Azithromycin, reduces maternal infections during pregnancy and prevents infections from spiraling into sepsis—the cause of 23% of maternal deaths in the United States—and reduces mortality when given to infants in high-mortality settings.
Also, an AI-enabled portable ultrasound that empowers nurses and midwives to monitor high-risk pregnancies in low-resource settings to ensure that risks are diagnosed and addressed early.
Since 2016, progress in reducing global maternal mortality has stalled, and in some countries—including the United States-death rates have risen steadily. Across the world, nearly 800 women die in childbirth every day.
Though deaths of children under five have continued to decline since the mid-2010s, the first month of a newborn’s life continues to be the most dangerous, accounting for almost half of all under-5 deaths today. An estimated 74% of child deaths happen during a baby’s first year.
In the report, French Gates and Gates acknowledge the global efforts between 2000 and 2015 that significantly improved the health of mothers and babies but point out that progress has stalled since COVID-19 hit. They explain how the discovery of revolutionary information about maternal and child health in the last 10 years led to low-cost and easy-to-implement innovations and practices that prevent and treat deadly childbirth complications such as post-partum hemorrhaging, infections, and maternal anemia.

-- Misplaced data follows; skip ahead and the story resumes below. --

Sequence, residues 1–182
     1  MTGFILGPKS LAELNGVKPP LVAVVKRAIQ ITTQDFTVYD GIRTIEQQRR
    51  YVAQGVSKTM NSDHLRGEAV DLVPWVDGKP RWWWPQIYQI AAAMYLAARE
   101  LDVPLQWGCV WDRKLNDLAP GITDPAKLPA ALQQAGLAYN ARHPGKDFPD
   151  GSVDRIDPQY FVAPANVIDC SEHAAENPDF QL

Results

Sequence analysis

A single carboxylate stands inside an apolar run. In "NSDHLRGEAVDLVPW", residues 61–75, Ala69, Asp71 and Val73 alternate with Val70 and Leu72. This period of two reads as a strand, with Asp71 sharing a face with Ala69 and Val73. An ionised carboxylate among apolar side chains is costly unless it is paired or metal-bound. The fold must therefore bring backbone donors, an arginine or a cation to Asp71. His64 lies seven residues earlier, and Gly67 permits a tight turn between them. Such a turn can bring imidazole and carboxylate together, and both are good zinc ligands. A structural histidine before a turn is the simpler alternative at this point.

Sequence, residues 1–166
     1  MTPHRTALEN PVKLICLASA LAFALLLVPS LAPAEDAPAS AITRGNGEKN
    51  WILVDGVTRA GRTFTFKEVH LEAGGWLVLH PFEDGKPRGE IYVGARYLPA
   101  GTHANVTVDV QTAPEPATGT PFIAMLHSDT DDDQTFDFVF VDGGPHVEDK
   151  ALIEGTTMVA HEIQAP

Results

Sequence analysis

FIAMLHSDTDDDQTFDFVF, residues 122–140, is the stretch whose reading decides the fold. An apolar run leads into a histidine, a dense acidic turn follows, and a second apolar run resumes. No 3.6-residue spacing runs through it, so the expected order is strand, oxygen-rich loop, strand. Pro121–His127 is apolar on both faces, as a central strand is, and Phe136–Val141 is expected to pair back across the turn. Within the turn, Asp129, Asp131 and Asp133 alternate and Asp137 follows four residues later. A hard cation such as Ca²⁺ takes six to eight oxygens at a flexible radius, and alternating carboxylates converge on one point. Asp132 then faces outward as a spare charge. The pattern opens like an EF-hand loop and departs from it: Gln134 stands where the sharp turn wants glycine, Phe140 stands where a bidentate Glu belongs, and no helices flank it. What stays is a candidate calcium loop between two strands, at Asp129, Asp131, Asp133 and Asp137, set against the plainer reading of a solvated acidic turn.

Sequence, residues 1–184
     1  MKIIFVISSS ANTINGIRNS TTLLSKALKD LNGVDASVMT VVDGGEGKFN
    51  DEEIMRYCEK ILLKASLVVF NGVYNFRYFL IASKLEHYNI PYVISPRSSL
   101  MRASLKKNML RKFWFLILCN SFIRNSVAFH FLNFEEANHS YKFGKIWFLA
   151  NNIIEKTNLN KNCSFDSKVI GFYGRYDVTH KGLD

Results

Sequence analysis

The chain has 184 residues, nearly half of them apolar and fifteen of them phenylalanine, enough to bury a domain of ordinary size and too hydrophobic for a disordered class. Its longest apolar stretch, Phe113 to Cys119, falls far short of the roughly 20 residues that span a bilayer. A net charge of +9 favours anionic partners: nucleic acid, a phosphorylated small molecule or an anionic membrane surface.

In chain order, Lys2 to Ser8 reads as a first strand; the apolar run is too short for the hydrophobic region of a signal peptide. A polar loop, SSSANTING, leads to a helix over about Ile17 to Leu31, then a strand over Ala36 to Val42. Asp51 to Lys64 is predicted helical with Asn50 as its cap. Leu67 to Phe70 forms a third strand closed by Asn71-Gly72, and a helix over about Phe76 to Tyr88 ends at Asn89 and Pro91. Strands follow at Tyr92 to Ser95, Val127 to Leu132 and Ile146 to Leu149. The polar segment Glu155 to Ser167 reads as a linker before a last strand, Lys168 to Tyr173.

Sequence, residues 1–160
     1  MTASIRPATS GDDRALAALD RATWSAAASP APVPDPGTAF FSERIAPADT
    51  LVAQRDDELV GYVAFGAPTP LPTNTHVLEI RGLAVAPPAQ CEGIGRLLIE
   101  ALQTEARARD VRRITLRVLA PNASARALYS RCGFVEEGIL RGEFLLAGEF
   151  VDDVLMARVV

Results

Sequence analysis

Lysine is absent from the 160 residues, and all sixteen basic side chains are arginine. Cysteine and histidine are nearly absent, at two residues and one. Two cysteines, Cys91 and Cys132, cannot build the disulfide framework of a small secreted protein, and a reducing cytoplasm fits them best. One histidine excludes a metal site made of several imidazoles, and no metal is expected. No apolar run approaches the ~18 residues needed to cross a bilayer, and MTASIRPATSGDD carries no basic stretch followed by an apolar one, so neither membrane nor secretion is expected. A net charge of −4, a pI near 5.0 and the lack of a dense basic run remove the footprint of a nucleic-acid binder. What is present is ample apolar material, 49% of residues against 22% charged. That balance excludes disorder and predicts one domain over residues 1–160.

Therefore, they call for immediate action to help put the world back on track to achieve the global goal of cutting the maternal mortality rate to less than 70 out of 100,000 births and newborn mortality to 12 deaths per 1,000 live births by 2030.
“As is so often the case in global health, innovations aren’t making their way to the people who need them most—women in low-income countries, as well as Black and Indigenous women in high-income countries like the United States, who are dying at three times the rate of white women. That needs to change. We have seen over and over again that when countries actually prioritize and invest in women’s health, they unleash a powerful engine for progress that can reduce poverty, advance gender equality, and build resilient economies,” writes French Gates.
According to Gates, over the past decade, the field of child health has advanced faster and farther than he thought and would see in his lifetime. He says if researchers can continue developing new innovations and skilled health workers can get them to every mother and child who needs them, then more babies will survive those crucial first days.
Halfway to the deadline for the SDGs, the Goalkeepers Report shows that on 18 indicators—from poverty to gender equality, education to food security, health to climate—the world is off track.
The report underscores the urgent need for action, as well as a renewed global commitment to ensure a more equitable and safe future for all by 2030. For mothers and babies, having access to the quality health care they need to live long and healthy lives will require policy changes, political will, and more investment in women’s health and healthcare workers, including midwives.